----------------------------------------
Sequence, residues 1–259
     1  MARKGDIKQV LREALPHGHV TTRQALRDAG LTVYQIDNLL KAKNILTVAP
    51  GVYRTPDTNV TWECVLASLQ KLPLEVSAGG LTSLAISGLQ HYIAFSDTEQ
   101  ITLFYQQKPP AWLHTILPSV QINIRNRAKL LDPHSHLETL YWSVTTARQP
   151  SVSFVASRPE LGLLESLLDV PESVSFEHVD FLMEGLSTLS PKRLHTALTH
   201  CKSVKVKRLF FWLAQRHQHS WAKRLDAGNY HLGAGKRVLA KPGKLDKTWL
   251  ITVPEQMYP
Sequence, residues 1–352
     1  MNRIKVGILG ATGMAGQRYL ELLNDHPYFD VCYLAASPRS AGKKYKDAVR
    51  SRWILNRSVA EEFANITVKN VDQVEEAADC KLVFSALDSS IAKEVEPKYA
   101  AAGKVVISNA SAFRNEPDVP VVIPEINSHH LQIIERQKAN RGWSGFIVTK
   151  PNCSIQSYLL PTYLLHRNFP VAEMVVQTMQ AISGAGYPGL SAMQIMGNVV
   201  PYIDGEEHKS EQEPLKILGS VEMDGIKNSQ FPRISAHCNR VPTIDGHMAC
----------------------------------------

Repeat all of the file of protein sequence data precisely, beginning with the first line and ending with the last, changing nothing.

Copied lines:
Sequence, residues 1–259
     1  MARKGDIKQV LREALPHGHV TTRQALRDAG LTVYQIDNLL KAKNILTVAP
    51  GVYRTPDTNV TWECVLASLQ KLPLEVSAGG LTSLAISGLQ HYIAFSDTEQ
   101  ITLFYQQKPP AWLHTILPSV QINIRNRAKL LDPHSHLETL YWSVTTARQP
   151  SVSFVASRPE LGLLESLLDV PESVSFEHVD FLMEGLSTLS PKRLHTALTH
   201  CKSVKVKRLF FWLAQRHQHS WAKRLDAGNY HLGAGKRVLA KPGKLDKTWL
   251  ITVPEQMYP
Sequence, residues 1–352
     1  MNRIKVGILG ATGMAGQRYL ELLNDHPYFD VCYLAASPRS AGKKYKDAVR
    51  SRWILNRSVA EEFANITVKN VDQVEEAADC KLVFSALDSS IAKEVEPKYA
   101  AAGKVVISNA SAFRNEPDVP VVIPEINSHH LQIIERQKAN RGWSGFIVTK
   151  PNCSIQSYLL PTYLLHRNFP VAEMVVQTMQ AISGAGYPGL SAMQIMGNVV
   201  PYIDGEEHKS EQEPLKILGS VEMDGIKNSQ FPRISAHCNR VPTIDGHMAC